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Sweet Anticipation for March 2020

Sweet Anticipation graphic
New Titles

Don’t let the mounds of crusty snow or the frigid blasts of winter’s winds fool you: spring is nigh. Much like a cranky groundhog roused from his winter den, the publishing industry is waking up to some of the more anticipated titles of 2020, and a fine crop of them can be found landing on shelves in March. On to the notable offerings:

--The folks at the Wisconsin Book Festival have been crazy busy finding new and established authors to visit Madison readers, and their efforts pay off big time this March. Madison-based author Quan Barry mixes an unholy trinity of field hockey, teenage girls and witchcraft in her forthcoming novel We Ride Upon Sticks, all set against the backdrop of 1980s-era Danvers, Massachusetts; she appears at Central Library March 3, the same day her novel hits shelves. Donna Leon is a must-read for many mystery fans for her long-running Commissario Brunetti series, compelling mysteries that blend entertaining detecting and memorable characters with probing examinations of guilt and responsibility. She’ll be here from Venice on March 4 to talk about the newest Brunetti novel Trace Elements. Take a break from monitoring the latest primary results on March 11, when former Obama campaign manager David Plouffe is in town to talk about his timely Citizen’s Guide to Beating Donald Trump. One of the buzziest books of the season happens to be by Madison’s own Kate Elizabeth Russell. My Dark Vanessa is already appearing on must-read lists for its #MeToo-related storyline; I’ve read an early copy, a couple of other librarians around MPL have read it and we’re running out of superlatives—bottom line, it’s a fantastic debut on a tough and timely topic that will linger in your mind long after you finish it. My Dark Vanessa releases March 10; Russell will be at A Room of One’s Own for the Wisconsin Book Festival on March 16. All Wisconsin Book Festival events are free and open to the public; check their website for more specifics and upcoming events.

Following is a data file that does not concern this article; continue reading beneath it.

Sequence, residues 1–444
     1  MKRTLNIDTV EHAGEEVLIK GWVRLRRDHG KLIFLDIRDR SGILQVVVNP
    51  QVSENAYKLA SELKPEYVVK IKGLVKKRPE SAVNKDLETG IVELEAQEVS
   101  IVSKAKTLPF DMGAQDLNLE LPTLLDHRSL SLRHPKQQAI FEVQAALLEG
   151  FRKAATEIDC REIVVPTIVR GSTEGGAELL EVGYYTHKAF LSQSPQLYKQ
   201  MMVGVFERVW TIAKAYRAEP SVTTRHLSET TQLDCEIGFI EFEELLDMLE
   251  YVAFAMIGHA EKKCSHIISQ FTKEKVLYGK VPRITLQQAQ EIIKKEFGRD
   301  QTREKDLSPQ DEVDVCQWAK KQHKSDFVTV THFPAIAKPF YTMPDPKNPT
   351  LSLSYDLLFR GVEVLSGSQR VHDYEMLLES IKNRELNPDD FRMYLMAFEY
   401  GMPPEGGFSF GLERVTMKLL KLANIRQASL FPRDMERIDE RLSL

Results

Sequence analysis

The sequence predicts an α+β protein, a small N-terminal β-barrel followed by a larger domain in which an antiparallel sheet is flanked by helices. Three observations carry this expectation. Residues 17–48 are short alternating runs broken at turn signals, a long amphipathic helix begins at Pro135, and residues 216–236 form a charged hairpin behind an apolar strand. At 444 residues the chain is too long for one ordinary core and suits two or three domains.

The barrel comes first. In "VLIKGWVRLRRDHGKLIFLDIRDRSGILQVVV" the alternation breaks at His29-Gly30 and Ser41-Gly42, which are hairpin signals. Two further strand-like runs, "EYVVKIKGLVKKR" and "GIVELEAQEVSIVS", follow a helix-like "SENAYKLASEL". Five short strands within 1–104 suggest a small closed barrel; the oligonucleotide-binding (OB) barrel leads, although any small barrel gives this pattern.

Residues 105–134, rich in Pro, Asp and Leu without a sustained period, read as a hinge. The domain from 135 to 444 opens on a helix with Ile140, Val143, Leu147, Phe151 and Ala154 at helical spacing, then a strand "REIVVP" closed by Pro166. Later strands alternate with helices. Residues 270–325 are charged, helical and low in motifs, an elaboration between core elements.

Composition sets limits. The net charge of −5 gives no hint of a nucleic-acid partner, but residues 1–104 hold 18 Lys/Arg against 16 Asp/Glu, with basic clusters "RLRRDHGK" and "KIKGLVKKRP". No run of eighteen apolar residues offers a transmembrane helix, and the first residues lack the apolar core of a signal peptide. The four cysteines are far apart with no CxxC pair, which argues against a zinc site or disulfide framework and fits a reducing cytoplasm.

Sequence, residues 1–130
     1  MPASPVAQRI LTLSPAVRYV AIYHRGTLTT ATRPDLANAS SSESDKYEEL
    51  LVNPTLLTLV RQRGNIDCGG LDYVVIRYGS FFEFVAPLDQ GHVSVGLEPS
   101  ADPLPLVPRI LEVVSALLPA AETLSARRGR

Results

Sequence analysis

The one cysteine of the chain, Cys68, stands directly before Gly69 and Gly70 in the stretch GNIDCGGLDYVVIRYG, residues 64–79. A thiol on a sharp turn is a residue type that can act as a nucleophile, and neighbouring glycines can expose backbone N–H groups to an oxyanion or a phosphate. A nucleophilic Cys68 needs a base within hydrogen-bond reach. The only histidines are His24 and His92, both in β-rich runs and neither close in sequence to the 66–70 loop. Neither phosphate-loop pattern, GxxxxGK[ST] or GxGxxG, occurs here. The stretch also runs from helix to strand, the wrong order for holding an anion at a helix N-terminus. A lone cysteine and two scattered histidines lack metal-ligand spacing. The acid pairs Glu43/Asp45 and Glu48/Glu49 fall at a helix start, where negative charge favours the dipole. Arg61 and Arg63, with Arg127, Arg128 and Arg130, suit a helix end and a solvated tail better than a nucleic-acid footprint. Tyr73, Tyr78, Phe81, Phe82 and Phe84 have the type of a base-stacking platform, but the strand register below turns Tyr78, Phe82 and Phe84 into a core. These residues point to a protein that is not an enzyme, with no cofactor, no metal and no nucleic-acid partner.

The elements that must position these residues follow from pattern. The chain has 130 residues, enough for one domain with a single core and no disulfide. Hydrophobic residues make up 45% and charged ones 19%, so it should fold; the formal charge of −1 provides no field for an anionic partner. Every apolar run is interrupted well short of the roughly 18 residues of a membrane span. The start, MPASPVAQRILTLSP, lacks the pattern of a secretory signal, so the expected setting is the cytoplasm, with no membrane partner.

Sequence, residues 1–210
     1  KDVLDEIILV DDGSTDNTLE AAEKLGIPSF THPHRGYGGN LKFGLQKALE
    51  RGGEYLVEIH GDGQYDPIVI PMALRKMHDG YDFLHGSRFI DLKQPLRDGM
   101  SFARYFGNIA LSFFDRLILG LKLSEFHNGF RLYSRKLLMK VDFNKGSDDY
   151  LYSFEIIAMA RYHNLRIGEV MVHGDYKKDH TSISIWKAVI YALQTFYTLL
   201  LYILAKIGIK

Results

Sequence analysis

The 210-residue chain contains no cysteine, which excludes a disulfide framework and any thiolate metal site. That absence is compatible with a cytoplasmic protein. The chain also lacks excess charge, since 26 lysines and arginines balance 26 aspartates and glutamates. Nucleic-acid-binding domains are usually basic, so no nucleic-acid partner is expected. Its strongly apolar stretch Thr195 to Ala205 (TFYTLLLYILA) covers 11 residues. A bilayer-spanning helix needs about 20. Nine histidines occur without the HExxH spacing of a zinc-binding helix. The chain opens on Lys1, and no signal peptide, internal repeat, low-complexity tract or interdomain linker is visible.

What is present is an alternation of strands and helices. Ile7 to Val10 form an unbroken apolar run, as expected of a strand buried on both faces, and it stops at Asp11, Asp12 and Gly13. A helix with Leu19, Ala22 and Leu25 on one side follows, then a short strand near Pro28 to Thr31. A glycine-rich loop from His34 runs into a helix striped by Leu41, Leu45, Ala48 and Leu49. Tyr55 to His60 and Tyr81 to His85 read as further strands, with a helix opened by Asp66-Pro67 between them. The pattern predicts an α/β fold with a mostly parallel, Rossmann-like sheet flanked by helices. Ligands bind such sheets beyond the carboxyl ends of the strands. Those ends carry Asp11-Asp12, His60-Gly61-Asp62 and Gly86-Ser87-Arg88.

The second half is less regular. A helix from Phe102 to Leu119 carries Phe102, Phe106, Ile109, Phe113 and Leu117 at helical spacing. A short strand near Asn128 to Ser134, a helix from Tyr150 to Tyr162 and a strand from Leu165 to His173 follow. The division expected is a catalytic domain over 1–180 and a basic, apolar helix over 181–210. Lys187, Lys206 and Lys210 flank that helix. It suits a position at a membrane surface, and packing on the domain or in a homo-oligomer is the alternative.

--Nonfiction readers! Former Trump NSA advisor John Bolton wouldn’t speak to Congress, but he has something to say in The Room Where It Happened: A White House Memoir; it’s embargoed, so reviews will have to wait until it goes on sale March 17. Emerging from the winter doldrums can be tough mentally; Anna Mehler Paperny tackles suicide in her forthright memoir/cultural study Hello I Want to Die Please Fix Me. Publisher’s Weekly has called it an ‘earnest and informative…a frank guide for those dealing with depression.’ Those with a scientific bent may want to check out Neil Shubin’s latest, Some Assembly Required: Decoding Four Billion Years of Life, from Ancient Fossils to DNA. Shubin, who had a previous bestseller with Your Inner Fish, pares down the science behind the great transformations of evolution. Library Journal calls it ‘an engaging, must-read for anyone with an interest in evolution.’

--Last but not least, there are some very notable literary titles that demand attention. It’s been eleven years since Hilary Mantel’s epic Cromwell series began with Wolf Hall, and eight since Bring Up the Bodies; both won Booker Prizes. Can she make it three for three with the final book The Mirror and the Light? The wait is finally over March 10. Louise Erdrich is no stranger to prizes; her 2012 The Round House took the National Book Award. Her latest, The Night Watchman, is drawn from her grandfather’s letters of the 1950s. The Night Watchman is on shelves early March. N. K. Jemisin has racked up multiple Hugo Awards with her Broken Earth trilogy; she might win another and earn new readers with her newest, The City We Became. An expansion of a short story and the launch of a new trilogy, City imagines New York as a living soul, divided against itself. Library Journal called it ‘raw and vibrant…pushes the boundaries of fantasy writing.’  Look for it in late March.

Click on through for the complete list. Happy reading!

Feb 20, 2020